2017-03-01

Nobody is "created" or "equal"

The phrase "everyone is created equal" is a lie. It outright denies reality and forwards the idea that people were "created" before we even knew what DNA was.

Right now, almost everyone has different DNA, and even those who have identical DNA nearly always end up with different fingerprints (though let it be known that there is evidence to suggest not everyone has unique fingerprints). Everyone is raised in a different environment because we all occupy different positions in space. To say that everyone is equal is to ignore reality.

For someone to be "created", their DNA (or their atomic structure) has to be hand-arranged by another sentient being. This is not how evolution works, and we have only recently developed the technology to "create" people. In a few centuries we may well be able to say that all new people are created, in similar fashion to Brave New World, but right now as well as in the past, it is entirely not the case.

Furthermore, I believe many people would outright reject the idea of everyone being equal - people value their independence and their unique qualities and traits, and some even go so far as to take offense at the suggestion that they are not unique. "Be yourself" is a common expression used to promote the use and appreciation of one's unique qualities, and a large part of our culture as a whole.

Instead, the real focus of equality and equity is rights. It is correct to say that everyone should have equal rights. It is incorrect to say that everyone is equal. It is easy enough to confuse these two very different things, and very dangerous to start building arguments while in such a confused state. What worries me greatly is that the source of the phrase "everyone is created equal" comes from the United States Declaration of Independence, where Thomas Jefferson is credited as writing "All men are created equal."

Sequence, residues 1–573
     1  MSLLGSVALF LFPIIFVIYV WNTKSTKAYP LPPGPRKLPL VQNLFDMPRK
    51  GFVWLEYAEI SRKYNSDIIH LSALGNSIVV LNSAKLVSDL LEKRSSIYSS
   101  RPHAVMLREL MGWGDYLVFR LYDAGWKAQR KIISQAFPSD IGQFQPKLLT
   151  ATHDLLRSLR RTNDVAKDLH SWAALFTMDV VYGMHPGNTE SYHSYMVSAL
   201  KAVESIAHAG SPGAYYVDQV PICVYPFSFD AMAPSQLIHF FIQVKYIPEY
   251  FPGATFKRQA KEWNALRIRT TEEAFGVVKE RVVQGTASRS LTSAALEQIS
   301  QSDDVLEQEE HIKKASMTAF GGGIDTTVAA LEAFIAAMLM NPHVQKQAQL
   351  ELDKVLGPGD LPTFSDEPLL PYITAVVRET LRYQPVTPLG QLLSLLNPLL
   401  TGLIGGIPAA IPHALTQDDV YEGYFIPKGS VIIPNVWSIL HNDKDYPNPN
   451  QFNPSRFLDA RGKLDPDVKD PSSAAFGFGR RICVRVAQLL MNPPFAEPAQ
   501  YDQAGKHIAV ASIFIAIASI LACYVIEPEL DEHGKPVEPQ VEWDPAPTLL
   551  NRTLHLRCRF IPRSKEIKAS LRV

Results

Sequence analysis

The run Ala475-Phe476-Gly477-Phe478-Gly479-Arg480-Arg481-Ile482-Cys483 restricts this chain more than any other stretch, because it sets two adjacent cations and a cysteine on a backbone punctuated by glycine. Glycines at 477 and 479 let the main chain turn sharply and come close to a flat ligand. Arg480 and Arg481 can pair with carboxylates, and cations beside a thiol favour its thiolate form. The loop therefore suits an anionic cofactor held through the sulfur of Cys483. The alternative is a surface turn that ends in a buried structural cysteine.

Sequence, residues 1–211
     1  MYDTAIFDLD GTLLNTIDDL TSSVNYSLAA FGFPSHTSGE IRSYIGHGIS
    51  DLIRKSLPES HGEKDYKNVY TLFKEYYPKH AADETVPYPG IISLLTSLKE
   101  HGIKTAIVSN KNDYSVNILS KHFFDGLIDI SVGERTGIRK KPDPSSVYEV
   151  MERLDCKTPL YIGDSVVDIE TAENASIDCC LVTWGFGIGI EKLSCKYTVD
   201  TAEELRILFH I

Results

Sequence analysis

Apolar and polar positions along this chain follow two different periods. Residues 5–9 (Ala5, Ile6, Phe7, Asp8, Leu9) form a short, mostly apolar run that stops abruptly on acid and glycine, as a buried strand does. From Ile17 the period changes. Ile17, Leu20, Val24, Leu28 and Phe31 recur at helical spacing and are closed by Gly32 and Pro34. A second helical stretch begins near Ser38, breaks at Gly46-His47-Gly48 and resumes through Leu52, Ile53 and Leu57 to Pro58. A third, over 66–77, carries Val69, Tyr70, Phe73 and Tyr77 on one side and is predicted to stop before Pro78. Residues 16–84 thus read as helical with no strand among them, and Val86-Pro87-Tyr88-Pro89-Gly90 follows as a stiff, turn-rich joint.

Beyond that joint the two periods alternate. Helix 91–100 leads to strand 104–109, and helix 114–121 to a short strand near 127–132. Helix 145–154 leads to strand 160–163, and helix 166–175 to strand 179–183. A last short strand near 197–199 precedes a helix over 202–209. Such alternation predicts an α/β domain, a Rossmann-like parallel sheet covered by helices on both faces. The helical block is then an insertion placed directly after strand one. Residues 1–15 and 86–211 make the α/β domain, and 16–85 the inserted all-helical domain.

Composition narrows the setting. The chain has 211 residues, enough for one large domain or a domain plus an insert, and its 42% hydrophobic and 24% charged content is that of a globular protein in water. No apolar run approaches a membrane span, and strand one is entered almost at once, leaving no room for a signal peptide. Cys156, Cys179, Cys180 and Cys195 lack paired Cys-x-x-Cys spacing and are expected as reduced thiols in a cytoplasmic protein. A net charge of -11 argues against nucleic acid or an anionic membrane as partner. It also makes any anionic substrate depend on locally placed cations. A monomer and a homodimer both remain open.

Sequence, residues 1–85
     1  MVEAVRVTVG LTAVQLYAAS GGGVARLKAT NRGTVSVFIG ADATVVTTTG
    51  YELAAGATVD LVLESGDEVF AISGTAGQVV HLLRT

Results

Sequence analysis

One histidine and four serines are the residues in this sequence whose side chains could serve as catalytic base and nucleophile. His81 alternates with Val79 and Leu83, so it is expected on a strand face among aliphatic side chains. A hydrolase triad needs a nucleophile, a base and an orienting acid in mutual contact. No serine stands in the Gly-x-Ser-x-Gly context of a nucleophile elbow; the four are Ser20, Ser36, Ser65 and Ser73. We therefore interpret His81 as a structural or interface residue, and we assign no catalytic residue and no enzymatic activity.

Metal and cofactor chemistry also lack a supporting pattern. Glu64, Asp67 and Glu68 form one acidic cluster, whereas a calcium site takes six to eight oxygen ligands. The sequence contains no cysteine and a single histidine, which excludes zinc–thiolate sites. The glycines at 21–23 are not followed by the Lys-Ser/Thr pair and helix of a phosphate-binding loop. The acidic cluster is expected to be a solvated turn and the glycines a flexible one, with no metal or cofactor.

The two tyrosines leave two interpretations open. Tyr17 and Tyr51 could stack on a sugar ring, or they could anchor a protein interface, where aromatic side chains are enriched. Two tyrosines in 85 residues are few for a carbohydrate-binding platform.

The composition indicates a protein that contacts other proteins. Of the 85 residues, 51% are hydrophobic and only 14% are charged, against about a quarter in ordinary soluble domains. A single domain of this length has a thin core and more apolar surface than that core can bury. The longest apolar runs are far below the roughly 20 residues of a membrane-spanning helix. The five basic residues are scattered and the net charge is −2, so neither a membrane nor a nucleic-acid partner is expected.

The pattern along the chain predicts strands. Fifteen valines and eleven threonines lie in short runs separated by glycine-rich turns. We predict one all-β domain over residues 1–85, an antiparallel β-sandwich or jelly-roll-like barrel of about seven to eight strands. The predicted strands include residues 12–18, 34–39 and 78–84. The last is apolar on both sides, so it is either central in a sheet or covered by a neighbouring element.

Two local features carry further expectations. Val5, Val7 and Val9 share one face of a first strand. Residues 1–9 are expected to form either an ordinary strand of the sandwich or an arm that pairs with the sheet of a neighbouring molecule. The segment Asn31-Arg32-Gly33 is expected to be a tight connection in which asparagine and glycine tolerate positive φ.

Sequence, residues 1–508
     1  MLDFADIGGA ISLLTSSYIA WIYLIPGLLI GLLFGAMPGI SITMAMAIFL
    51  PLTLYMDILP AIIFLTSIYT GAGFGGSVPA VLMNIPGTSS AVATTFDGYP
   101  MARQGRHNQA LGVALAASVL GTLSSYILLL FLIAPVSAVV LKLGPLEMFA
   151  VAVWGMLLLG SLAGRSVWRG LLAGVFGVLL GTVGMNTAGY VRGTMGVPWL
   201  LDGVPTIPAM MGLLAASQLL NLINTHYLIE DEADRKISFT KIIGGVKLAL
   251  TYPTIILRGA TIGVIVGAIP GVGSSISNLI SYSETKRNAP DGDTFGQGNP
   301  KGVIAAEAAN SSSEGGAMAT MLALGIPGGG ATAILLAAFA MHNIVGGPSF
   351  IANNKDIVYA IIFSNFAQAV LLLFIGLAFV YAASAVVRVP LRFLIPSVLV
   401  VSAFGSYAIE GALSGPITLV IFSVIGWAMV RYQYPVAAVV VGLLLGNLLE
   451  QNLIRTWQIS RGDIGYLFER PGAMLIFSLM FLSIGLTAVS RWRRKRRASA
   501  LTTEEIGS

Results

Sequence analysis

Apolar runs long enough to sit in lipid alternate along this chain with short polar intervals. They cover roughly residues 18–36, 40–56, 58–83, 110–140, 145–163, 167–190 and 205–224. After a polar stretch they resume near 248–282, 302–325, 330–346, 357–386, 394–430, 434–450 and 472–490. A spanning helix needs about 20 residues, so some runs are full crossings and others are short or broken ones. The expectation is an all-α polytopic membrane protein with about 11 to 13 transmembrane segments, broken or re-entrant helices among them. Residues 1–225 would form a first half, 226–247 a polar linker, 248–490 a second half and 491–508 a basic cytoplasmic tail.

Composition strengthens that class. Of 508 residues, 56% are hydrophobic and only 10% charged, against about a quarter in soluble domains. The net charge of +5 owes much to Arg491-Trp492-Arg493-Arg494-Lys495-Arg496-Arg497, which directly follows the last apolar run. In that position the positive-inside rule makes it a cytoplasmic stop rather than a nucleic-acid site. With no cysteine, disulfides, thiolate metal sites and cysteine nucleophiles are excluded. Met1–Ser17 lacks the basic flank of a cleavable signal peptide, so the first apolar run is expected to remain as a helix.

Jefferson may have intended the phrase to be taken only in the context of rights (because he certainly didn't need to know what DNA was to know that people look different), but the common interpretation (that literally all men are literally created and literally equal) is anything but good. Many people simultaneously believe they are both unique and equal, which is by definition impossible. This state of cognitive dissonance results in irrational decision making and unstable logical foundations. Unfortunately, the phrase goes on to be used repeatedly throughout history, and although it is nearly always used to the benefit of society, it still ignores reality and creates cognitive dissonance. (In fact, the use of the word "men" was a bit of a problem for women's suffrage, regardless of what Jefferson intended or believed.)

It is important to consider the distinctions between being equal and having equal, because it will become a hot topic before we're ready for it.

Eventually, we will have to consider rights for artificial consciousness/sentience/intelligence, where distinct copies of sentient beings will actually be both literally created and literally equal at time of creation. While cloning is physically impossible, it is already a digital reality, and I'm not aware of any laws regarding cloned persons (unless you want to say that cloning someone is piracy). What happens when a human uploads their consciousness and there are now multiple identical-yet-distinct versions of them? I suppose they cease being equal the moment they begin having different experiences, but do they have equal rights? Would it be illegal to delete backup copies? Would it be illegal to delete all copies?

If a human body dies and/or the brain suffers irreparable damage, can a digital backup legally take over their identity? Would the the law even consider them as being distinct individuals in the first place? Would electricity have to become a basic human right? Would we even use the term "human" anymore? Would a digitized human have the same rights as a constructed intelligence like HAL9000 or Skynet? Clearly they are not equal, and each digitized human is unequal from each other, while each instance of a constructed intelligence is equal at creation. Inequality has not been accepted as an argument against equal rights thus far, but would we give inequal rights to equally constructed intelligences?

Hopefully ninjas can figure it all out, but you're totally not ninjas, so I guess you'll just have to wait and see.